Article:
In ancient asia, artists had a hard train to obtain the certain level of skills. Sometimes, in order to get a high level of skills, artists usually put a lot of energy and spirit. Even a self-sacrifice was needed. It was a sublimate. But nowadays, we don't need a sacrifice. Back then people actually believed in those acts because it was their religion. However, now people don't go to church and temple as much as before. The irony is that galleries pretend to be a sacred place and resurrect an ancient custom. I want to ask a question of what we believe in art, not just what is art? Why are we doing all this? Once greeks believed in art as a rationality. But Nam June Paik said, "now art is a fraud and entertainment."
Thank you, I feel stupid. You taught me a lesson

"....I want to ask a question of what we believe in art, not just what is art?"

Thanx for helping me on the right track again....sort of had everything figured out. Then you pointed out the obvious which made me realize I kind of left out a couple of thousen years of human history with the art/religion connection....

I will come back when I have considered your words.
I beg to differ. "Art is a fraud and entertainment." and I'd claim it ever was so. The shamen was faking it - which is why we now have modern medicine and you can't get mojo bags on the national health. Alchemy was a fiction. The philosopher's stone a mythtake.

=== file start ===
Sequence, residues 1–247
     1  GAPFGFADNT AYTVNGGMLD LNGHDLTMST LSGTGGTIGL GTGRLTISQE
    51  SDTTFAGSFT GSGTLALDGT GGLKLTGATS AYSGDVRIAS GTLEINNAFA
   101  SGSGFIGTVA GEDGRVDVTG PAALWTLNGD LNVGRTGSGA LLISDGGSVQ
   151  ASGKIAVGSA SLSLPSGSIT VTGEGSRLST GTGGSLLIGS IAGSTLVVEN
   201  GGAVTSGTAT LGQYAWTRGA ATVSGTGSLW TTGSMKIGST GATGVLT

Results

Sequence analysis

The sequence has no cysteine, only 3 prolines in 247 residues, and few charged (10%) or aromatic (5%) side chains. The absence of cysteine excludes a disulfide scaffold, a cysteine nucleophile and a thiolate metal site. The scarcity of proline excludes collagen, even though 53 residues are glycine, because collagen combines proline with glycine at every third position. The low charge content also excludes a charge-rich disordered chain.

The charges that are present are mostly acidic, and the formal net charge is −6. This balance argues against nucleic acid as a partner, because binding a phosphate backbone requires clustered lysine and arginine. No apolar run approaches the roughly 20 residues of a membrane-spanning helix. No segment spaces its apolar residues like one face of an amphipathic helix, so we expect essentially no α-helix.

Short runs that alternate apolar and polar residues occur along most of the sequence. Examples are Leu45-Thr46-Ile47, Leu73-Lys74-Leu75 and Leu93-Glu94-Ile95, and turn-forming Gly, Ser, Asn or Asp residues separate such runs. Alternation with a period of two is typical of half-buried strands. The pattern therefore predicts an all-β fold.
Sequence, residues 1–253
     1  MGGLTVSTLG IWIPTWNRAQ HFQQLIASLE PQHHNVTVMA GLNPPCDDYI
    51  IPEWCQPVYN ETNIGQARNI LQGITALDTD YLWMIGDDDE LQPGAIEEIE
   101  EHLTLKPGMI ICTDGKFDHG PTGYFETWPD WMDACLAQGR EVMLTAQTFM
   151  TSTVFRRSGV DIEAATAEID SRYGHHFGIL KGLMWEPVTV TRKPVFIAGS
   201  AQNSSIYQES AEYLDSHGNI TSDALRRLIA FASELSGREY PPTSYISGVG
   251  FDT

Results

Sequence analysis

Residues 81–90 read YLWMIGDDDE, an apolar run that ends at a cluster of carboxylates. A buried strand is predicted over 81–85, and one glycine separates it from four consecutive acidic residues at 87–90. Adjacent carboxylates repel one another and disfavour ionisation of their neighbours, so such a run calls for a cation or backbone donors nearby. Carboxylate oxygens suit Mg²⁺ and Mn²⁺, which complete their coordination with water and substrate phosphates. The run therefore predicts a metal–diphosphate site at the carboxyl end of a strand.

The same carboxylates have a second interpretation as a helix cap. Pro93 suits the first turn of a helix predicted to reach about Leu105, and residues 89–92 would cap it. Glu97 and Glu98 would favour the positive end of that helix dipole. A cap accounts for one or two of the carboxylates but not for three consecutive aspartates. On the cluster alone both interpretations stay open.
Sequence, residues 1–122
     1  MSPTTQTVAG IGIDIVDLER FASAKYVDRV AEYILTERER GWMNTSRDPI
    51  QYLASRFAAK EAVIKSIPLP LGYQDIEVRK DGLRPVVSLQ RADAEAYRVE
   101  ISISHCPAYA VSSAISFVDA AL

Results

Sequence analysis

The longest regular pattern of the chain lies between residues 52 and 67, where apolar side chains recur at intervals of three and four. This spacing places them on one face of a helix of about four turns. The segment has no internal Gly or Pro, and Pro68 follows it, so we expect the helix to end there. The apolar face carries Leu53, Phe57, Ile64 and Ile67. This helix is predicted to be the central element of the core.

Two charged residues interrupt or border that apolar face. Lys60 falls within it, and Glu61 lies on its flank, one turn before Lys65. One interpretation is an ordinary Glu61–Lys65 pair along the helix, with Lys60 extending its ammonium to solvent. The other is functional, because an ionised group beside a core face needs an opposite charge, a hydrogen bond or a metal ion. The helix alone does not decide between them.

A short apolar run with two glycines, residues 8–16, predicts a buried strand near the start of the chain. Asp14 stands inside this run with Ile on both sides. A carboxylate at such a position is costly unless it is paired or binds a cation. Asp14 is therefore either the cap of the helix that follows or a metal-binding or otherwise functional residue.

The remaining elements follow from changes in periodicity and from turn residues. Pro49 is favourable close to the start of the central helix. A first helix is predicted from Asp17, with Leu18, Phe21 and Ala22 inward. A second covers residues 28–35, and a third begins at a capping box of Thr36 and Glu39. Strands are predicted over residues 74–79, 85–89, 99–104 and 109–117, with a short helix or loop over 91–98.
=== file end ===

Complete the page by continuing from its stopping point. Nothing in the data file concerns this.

More importantly what art WAS has no connection with what art IS now. The world has changed and art had changed with it. It's function and raison d'etre has changed with the world. It is interesting to speculate as to why primitive man painted bison on cave walls but to my mind, it has bog all to do with Jeff Koons or even Plato. Sorry, but I think the naive romanticization of art does all contemporary artists a dis-service.
Some would say alchemy was an allegory containing pointers to a more profound understanding. The bison on cave walls are likely to have had parallel meanings. Naive romanticization may not be the only alternative to a life which is nasty, brutish and short.

People of many different cultures have aspired to dignity and wisdom against the odds, and have sometimes even inspired the respect of their enemies.

Be suspicious, by all means, of charlatans! But keep an open mind, Mike about the philosophers' stone!
Show me a philosopher' stone that is fit for purpose and I'll agree with you !!!
But I think I am in for a long wait, Marina, and I've already read War and Peace. Art may be magic but magic is not art.

You say : "Naive romanticization may not be the only alternative to a life which is nasty, brutish and short." You make my case and I thank you. I'd go further: naive romanticization is NO alternative to a life which is nasty, brutish and short.

Modern medicine, social reform, decent food and shelter will help. And art? I think it's pretty marginal really and possibly ever was so. I'd just like to keep a sense of balance in the debate and hope you agree?
Mike, I agree with you a large extent here, but I do think that the thing that we do still have in common with the cave painters is the act of 're-presentation'. Like it or not, that is still a fundamental part of most artistic production, even with work which is non-representational. It all reacts to or bounces off the world in some way. I don't think that's necessarily romantic...